***Written 8 pm Tuesday evening for Wednesday’s trading for contribution to MrTopStep’s “The Opening Print” publication.
Tuesday’s Session was Cycle Day 3 (CD3): Price oscillated throughout the full session creating an “inside-value” normal variation day. Resistance was at 3895 (Line-In-Sand) with Support at 3865 (Overnight Low). Range was 41 handles on 1.598M contracts exchanged.
…Transition from Cycle Day 3 to Cycle Day 1
This leads us into Cycle Day 1 (CD1): Part of the decline is in-place with the CD1 Average Decline measuring 3850. As such, there are two estimated scenarios to consider for today’s trading.
Small MOC but the market wanted to sell off and from 14:00 until the close it was a volatile swing down with a 10-point counter move. These are hard markets to hold for trend, but the committed would have had a nice 30-point move to the downside. The actual 15:50 MOC imbalance was just -433M with a buy-side lean so the selling was more about the market than the close.
Looking around the world at new cases per million we see the US and UK in an improving situation with Czechia and Serbia fighting another wave along with Sweden. Covid fatigue is setting in and some, like Texas, are just throwing in the mask.
Wear your masks! Stay at least 10 feet behind someone wearing a mask! (Particularly in a checkout line) Stay home! Take your Vitamin D!
Chart of the Day
An almost year-long surge in U.S. stocks is due for a pause about now, according to Ryan Detrick, chief market strategist at LPL Financial LLC. “History would say be open to some type of weakness or consolidation,” Detrick said in an LPL blog post Friday. The post cited the S&P 500 Index’s performance after bull markets that began in 1982 and 2009, the two fastest starters before the current advance. Both rallies faltered near the one-year mark, and the S&P 500 was little changed to lower six months later.
After a 39.25-handle overnight range, the S&P 500 futures opened Tuesday’s regular session at 3900.75 and traded the daily high of 3903.50 on the open before sellers took charge, pushing the index futures lower throughout the early morning down to 3868.25 just after 10:30 CT. Buyers came in at that point giving life to equities that would last through the rest of the morning and into the noon hour when the ES hit a lower high of 3900.00 just before 1:00. The afternoon gave way to sellers who would manage to push the markets down to a new low of day, printing 3865.50 just before 3:00 before settling at 3872.75, down 29.50 handles on a total volume of a solid 1.6 million contracts traded. In terms of price action, it was all about selling the open, buying the midmorning low, then selling the midday high, and covering near the close.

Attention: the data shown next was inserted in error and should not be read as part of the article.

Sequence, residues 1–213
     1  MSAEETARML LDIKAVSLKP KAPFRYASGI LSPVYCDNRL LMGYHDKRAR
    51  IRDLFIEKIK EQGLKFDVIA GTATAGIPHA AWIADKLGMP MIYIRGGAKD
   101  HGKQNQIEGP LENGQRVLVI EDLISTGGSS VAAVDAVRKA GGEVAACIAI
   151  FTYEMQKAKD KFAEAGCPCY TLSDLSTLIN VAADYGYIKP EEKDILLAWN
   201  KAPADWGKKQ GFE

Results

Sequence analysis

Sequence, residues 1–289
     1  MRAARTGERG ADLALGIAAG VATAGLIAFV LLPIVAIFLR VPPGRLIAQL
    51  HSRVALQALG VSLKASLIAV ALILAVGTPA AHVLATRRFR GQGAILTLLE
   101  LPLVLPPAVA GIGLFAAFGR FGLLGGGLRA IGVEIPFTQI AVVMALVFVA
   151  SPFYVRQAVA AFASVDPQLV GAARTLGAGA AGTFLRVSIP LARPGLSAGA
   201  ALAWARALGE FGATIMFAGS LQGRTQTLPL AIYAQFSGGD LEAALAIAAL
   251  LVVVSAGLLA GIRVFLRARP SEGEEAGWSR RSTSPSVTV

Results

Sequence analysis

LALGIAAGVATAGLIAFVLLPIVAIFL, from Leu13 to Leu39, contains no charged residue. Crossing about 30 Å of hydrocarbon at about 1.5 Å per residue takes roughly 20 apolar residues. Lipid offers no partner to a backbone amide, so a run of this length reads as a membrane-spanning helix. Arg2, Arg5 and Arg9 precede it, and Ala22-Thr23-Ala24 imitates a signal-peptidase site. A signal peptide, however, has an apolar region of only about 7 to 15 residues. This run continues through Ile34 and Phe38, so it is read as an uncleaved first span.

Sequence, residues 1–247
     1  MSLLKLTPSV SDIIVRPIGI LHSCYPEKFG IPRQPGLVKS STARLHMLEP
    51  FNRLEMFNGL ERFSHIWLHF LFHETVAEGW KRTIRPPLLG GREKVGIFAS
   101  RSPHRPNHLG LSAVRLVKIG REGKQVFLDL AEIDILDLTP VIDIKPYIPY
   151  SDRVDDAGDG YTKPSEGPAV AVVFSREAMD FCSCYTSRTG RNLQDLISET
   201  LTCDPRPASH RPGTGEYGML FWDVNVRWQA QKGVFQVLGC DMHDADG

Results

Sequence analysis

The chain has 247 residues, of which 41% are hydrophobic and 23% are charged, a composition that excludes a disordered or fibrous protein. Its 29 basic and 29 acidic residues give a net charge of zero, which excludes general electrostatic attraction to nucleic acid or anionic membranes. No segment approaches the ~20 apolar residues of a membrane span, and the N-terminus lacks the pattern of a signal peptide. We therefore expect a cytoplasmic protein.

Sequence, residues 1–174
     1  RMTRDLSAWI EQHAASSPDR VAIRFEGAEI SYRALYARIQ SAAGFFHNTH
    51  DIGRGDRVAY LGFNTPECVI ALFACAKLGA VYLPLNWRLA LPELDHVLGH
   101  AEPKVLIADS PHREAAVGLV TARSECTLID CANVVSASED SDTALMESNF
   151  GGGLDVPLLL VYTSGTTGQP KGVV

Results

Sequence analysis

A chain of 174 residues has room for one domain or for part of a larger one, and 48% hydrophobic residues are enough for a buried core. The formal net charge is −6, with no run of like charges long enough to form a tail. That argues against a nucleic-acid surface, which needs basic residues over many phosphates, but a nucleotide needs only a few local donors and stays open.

While the S&Ps would close lower, the trend resumed of a firmer large-cap index compared to the Nasdaq which closed down 1.6%. For the ES, it has been hard to get a higher close lately and very rare for a two-day winning streak which hasn’t happened since the first week of February.
S&P Falls After Mondays Big Rally
The S&P Futures (ESH21:CME) that sold off hard and rallied 99 handles on Monday propelling the futures to its best day in nearly nine months, opened lower on Tuesday, sold off in the early goings, rallied hard and then sold off down to new lows on yesterday’s close. The fresh optimism from Monday faded Tuesday sending all three major indexes lower. The yield on the 10-year note fell from 1.444% Monday to 1.413%, down three consecutive sessions in a row but that didn’t seem to matter when the late-day sell programs started hitting.
There was a story floating around out of Zero Hedge that JP Morgan is looking for 675,000 jobs on Friday. I have a feeling that we are going to see a large jump in non-farm payroll but I’m not sure about the 675,000. The other thing is the senate democrats are trying to iron out a deal on the $1.9 trillion Covid-19 aid package. I may be off on my call for new highs in the S&P right now but if that bill gets passed the futures will go up so fast you won’t know what hit you.
Our view, it was a big false start yesterday. The early rally shook out some shorts then slowly decayed. It’s been odd, $2.5 billion to sell on the last trading day of February and then back-to-back sales Monday and Tuesday. I have a trading rule I often forget about that says after a big rally the ES goes sideways to down, so while my early call to sell the rallies and buy the pullback was correct yesterday, I didn’t have the late-day reversal. Our lean, my plan was for a big rally Monday and a small up yesterday and then a big rip going into the end of the week. I still feel that way. Sell the early rallies and buy weakness with the idea that there could be another drop this morning.
Danny Riley is a 39-year veteran of the CME trading floor. He ran one of the largest S&P desks on the floor of the CME Group since 1985.
As always, please use protective buy and sell stops when trading futures and options.
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